No athlete wants to sit on the sidelines. However, injuries are almost inevitable even while team physicians, trainers, and coaches try to prevent them.
Sports are a universal activity, giving people the chance to be a part of a team, better themselves every day, and work towards a goal. And while it can provide benefits to the body and mind, there are also negative effects on mental health. Athlete depression is just one of these effects.
Sports injuries and mental health go hand in hand, with one affecting the other. Research has looked at the scientific aspects of injuries in athletes and found that psychological responses play a role in the recovery process.
How Does Science Affect the Psychological Impact of Injuries?
Some may believe that science and sports are two separate things, having absolutely nothing to do with each other. They couldn’t be more wrong! Psychological phenomena and physiological aspects directly impact the way athletes perform and recover from injuries.
Studies are beginning to look inside both the negative and positive effects of injuries in athletes. One study looked at how the principles of psychology can play an important role in how athletes recover and in how injuries are prevented.
Other psychologists mention how psychology can cause mental blocks and poorer performance in athletes, leading to injuries.
Can Sports Affect Mental Health Negatively?
Yes, sports can negatively affect an athlete’s mental state.
While sports can have positive effects on mental health, studies have shown the darker side to playing a sport, the side that causes emotional distress, eating disorders, low self-esteem, and more. Repeated injuries (especially to the head) have been shown to cause more serious mental health issues.
Physical injuries aren’t the only consequence of sports. Dr. Lisa Firestone, of Psychology Today, mentions that athletes are exposed to long durations of psychological stress.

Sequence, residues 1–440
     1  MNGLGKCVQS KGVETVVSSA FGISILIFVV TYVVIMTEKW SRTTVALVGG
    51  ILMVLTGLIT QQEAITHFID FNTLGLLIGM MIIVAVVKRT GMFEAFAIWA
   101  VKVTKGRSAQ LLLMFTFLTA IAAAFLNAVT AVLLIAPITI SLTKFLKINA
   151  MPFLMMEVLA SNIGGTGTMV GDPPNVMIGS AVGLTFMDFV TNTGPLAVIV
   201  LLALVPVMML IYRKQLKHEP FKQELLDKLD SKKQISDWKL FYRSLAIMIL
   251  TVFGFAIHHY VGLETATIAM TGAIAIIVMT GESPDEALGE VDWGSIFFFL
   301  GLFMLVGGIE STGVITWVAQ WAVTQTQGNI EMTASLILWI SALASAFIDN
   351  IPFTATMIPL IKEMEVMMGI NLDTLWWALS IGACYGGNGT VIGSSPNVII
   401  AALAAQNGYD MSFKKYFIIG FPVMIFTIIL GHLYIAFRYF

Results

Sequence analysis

A few examples of these stressors are as follows.
- Experiencing grief after parting with the sport
- The constant pressure of competing
- Comparison and self-esteem issues
- Feelings of loneliness or disconnection
The American Psychological Association noted dangers and risks that athletes deal with, including the exposure to challenges that can cause them to have increased anxiety and depression.
Can Psychological Impact of Injuries Be Treated With Mental Imagery?
Many athletes do not know how to cope with an injury and are not prepared to get back to playing, which harms their performance. Injuries have lasting effects on the psychological state, but research has shown promise that the process of mental imagery can combat those effects.
What is mental imagery? It’s also called mental rehearsal and gets athletes to imagine themselves performing skills or their sport in a way to improve performance.
This technique has been studied across multiple sports and athletes, showing its benefits in helping them improve their performance and mental strength.
The literature shows how emotive, visual, and healing imagery could enhance injury rehabilitation. Each technique helps the athlete see themselves healing from their injury and performing again at a high level, giving them the support they need to overcome psychological blocks.
In short, many sports psychologists and professionals use mental imagery techniques combined with other methods to help athletes with injuries.
Is Sports Injury Depression A Common Thing Among Athletes?